Trump. He doesn’t just use an-in-your face, combative style that immediately takes people aback, but he regularly operates under the rule of behavior known officially as Opposite Day.

Only in Trump’s case, most days are Opposite Day.   

Opposite Day is a slang term that came into use based on an episode of the TV show “Seinfeld.” In this particular episode, George Costanza had the huge realization that all of his straightforward gambits always ended in failure. So, he decided to act exactly the opposite from the manner in which all his instincts informed him he should operate. And though it defied all his expectations (and that of the audience) since his new behaviors seemed outrageous and insane, on the day when he purposefully did the opposite, all his gambits succeeded. So, the term was born: Opposite Day, meaning acting exactly the opposite way from that in which you commonly operate, acting against your common, instinctual norms and yet meeting with success. Oddly enough, in the show, George never followed up with this success—the next episode he had reverted to form—back to entertain the audience with his comic failures.    

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With Trump, his behavior that seems outrageous and anti-normative to many in the public, is simply the way he operates in public most days of his life. For one reason or another, whether he always had this kind of opposite wiring, or whether he taught himself to behave this way in business until it became second nature, this has now become his instinctual wiring. And from his perspective, one huge benefit to him is that it knocks his opponents off their game. They freeze up and fail to counterpunch as effectively. Think back, for a moment, to the Republican primary debates. Establishment darling Jeb Bush was simply unable to deliver a return blow once Trump referred to him as low-energy Jeb. This insult alone made Jeb freeze. It knocked him completely off his game. Similarly, on another occasion, when Marco Rubio tried to turn Trump-like aggressive wording and methods against Trump at a primary debate, it became the deathblow of his campaign. Rubio later apologized to his supporters for his behavior.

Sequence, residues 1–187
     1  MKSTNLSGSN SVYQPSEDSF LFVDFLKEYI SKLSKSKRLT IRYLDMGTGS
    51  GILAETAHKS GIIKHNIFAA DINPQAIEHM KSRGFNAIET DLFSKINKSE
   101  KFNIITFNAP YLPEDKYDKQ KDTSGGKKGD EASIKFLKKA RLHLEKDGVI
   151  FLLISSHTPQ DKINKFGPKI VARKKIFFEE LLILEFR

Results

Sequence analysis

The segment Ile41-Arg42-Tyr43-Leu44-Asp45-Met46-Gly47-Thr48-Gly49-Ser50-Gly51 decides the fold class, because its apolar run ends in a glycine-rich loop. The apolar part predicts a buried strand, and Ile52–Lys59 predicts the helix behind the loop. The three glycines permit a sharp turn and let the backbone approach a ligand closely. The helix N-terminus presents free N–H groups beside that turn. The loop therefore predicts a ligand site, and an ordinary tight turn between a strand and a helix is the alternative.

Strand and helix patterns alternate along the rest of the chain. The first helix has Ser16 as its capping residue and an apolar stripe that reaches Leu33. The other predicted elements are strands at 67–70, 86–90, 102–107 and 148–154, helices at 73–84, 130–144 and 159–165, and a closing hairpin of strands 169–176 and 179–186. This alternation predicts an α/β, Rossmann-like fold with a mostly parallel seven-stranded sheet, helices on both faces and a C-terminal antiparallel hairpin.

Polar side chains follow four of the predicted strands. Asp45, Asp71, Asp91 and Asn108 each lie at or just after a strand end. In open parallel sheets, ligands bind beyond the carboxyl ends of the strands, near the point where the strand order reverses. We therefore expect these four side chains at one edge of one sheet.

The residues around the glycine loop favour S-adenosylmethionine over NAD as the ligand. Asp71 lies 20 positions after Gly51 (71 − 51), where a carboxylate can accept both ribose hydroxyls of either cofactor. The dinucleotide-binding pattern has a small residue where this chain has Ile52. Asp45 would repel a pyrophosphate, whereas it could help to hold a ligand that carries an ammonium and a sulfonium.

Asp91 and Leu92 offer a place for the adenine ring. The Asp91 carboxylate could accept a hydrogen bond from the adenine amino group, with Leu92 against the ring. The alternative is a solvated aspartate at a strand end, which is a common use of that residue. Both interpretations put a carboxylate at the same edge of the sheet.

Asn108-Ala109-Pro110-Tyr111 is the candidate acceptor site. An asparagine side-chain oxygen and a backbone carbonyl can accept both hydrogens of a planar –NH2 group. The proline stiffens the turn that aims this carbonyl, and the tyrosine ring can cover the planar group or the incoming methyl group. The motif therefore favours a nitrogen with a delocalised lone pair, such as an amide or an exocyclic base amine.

And yet Trump gets away with it. Perhaps this is because Trump’s supporters understand it is an essential part of his style, which is not aesthetic, but does produce wins. Trump supporters have learned to have patience because these actions often pay off. Unlike George Costanza, he keeps acting this way. 

And that is one reason Trump keeps getting upset wins. That is, wins that upset conventional thinking. His wins upset for another reason as well. That is because they upset conventional norms as well. He’s messy; he says what is on his mind, even when not every point has been confirmed. Sometimes he doubles back on what he said previously without admitting the contradiction, in part, because he believes that admitting the contradiction makes him look weak. 

Now, look at Russia. A regular politician under suspicion of collusion, however histrionic and absurd, would be careful to make sure that every move he made was under that of a publicly trustworthy watchdog. Trump does the opposite and insists on meeting alone. And the truth is we don’t yet know what the outcome of that meeting is, except that Trump used it as the basis to invite Putin to the White House. Whether new negotiating ground was broken during this meeting or not, only Trump, Putin, their translators and close advisors have any clue at all. It is a waiting game for the public to see if this gambit, like so many of his others, pays off or whether it goes against him. Trump is a risk taker, a necessary behavior in business success. That we know for sure. It is, perhaps, a less comfortable position for the public. 

We also know that Trump’s refusal to behave according to accepted norms that the press expects upsets them and daily knocks them off their game—at least the ones who refuse to learn from it. They are not doing a better job for this. In fact, their reporting often looks hysterical and paranoid as they fall into the trap of allowing Trump to position them as his adversary. And they don’t realize that their over-the-top rhetoric positioning Trump and all his supporters as clueless and themselves as right-thinking elite thinkers gives their game away, over and over. 

Mara Schiffren, a Campus Watch Fellow, is a Writer and Certified Functional Medicine Health Coach who lives in North Salem. You can reach her at mara.schiffren@gmail.com.